Zombies at Sea (Ok, Actually Natural Gas)

In my 20s I had a type, and he liked B List horror movies. I can’t explain it, and I won’t try. Sometimes we just have to accept these things. 

As a result I’ve seen (read: endured) my fair share of zombie flicks. There’s only one I would ever want to see again (Disclaimer: this is an R-rated zombie clip resplendent with fake blood and guts, harsh language, and Queen).

This blog is actually not a review of Shaun of the Dead (my review: it’s the best zombie movie ever!).  This is actually about the Port Ambrose project — a proposed liquefied natural gas (LNG) import facility unfolding off the coast of Long Island. 

Though the project is far more bureaucratic than a horror movie, it has the characteristics of most self-respecting zombie flicks — it’s risen from the dead and threatens nearby citizens, many of whom don’t yet know there’s a problem.

Liberty Natural Gas (whose acronym is also LNG — cute, no?) is putting forward a variation of a proposal that New Jersey Governor Christie already vetoed two years ago. The Port Ambrose project will require the construction of a deepwater port in the New York Bight, in federal waters approximately 19 miles off Jones Beach.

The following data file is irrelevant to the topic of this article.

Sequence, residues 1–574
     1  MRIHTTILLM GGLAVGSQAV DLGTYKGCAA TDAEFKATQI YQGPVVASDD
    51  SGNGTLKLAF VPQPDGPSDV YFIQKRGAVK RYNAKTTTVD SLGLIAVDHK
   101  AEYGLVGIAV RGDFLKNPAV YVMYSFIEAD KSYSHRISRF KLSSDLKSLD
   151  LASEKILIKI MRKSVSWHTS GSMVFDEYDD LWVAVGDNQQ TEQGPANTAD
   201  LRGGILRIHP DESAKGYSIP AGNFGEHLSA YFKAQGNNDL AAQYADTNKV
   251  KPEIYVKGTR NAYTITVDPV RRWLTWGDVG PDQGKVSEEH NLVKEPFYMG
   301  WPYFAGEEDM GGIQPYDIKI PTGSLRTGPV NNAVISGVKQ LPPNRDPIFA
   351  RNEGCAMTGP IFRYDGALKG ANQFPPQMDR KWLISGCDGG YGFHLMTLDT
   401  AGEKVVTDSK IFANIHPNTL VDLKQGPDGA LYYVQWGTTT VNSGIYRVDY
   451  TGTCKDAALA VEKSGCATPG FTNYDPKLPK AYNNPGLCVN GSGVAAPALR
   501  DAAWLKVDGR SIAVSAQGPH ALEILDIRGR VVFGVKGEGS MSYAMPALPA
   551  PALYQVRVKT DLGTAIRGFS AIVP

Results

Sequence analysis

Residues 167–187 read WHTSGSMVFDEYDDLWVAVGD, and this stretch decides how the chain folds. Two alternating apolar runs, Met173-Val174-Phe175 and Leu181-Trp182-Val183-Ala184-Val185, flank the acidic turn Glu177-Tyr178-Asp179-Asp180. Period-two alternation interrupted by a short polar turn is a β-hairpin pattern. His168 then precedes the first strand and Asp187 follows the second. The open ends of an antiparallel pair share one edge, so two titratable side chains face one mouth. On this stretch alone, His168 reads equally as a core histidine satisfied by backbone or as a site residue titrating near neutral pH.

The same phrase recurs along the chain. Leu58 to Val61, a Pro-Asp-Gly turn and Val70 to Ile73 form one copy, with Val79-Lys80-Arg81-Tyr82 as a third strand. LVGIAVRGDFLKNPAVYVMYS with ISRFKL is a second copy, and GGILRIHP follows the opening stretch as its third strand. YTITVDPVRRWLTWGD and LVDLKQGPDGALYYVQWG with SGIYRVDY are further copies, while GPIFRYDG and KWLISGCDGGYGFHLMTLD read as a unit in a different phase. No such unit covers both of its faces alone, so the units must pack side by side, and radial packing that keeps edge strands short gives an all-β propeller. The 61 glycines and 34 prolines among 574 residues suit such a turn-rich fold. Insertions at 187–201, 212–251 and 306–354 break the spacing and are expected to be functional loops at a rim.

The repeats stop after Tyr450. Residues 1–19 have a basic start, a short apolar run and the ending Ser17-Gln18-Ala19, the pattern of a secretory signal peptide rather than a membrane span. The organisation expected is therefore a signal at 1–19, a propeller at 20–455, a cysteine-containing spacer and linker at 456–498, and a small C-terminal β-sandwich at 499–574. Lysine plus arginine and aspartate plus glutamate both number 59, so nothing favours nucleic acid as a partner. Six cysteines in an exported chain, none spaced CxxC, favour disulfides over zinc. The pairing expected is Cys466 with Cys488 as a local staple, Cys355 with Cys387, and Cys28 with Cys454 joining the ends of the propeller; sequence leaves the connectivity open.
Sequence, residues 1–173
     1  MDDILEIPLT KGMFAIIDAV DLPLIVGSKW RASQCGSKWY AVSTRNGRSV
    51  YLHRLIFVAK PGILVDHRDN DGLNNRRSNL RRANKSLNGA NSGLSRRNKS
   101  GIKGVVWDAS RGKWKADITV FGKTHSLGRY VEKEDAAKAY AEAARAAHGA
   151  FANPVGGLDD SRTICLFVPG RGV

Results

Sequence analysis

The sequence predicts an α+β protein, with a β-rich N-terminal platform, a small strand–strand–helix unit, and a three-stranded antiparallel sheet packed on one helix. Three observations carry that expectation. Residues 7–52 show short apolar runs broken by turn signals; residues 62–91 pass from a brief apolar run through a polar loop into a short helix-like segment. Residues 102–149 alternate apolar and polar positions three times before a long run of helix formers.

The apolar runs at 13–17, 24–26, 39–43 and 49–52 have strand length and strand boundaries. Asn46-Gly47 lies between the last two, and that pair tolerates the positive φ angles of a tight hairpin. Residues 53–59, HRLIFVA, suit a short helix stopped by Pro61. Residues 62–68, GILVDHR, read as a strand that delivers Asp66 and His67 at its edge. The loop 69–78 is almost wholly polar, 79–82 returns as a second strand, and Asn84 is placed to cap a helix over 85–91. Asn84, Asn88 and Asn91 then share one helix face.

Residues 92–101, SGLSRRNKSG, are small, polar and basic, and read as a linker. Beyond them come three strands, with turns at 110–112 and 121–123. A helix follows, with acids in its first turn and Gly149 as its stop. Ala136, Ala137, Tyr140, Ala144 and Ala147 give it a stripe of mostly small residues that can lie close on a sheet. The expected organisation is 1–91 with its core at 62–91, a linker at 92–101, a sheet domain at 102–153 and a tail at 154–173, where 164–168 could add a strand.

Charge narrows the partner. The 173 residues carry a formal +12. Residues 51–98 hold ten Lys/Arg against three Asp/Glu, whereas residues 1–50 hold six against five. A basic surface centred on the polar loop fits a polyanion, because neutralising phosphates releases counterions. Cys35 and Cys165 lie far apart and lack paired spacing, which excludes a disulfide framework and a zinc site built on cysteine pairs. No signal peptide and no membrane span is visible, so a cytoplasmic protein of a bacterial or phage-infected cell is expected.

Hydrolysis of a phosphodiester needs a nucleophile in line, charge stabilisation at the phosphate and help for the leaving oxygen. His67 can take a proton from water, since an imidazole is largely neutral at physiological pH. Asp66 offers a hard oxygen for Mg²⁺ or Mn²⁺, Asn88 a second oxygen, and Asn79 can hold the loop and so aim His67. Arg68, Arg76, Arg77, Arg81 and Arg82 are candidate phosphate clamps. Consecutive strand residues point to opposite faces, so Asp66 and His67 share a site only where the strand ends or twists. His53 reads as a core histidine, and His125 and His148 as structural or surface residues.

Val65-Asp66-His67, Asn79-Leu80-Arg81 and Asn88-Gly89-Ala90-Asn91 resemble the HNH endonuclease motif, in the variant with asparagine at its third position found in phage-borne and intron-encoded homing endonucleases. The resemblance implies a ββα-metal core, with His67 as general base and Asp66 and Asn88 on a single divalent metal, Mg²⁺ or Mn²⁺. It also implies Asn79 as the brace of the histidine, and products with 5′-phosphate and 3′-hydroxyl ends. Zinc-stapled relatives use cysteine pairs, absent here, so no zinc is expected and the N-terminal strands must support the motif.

While we are still reviewing all the details before issuing a formal stance, based on what we have seen so far, we're skeptical.

For starters, proposing a LNG import facility in the midst of a nation-wide gas glut is like watering your lawn in a rainstorm. Second, the proposed location is exactly where developers also want to site an off-shore wind farm. So though you could make an argument that the LNG import facility is right-on because it’s forward thinking, if I’m planning for the future I want to plan for one where we’re less reliant on fossil fuel and more reliant on clean, renewable power.

Third — this is where fracking comes in (and you knew it would) — though this is currently proposed as an import facility, it is unclear if the facility would have to undergo any additional environmental review if it wanted to switch over to export. And building an export market for America’s LNG will benefit everyone but Americans.   

So we’ll see how this unfolds. Either Governor Cuomo or Governor Christie could veto the project, and in New Jersey, papers are already calling on Christie to shut it down. But if the project is going to continue to follow the zombie script, we have a few more battles before its fate is determined.

Author: Katherine Nadeau

 

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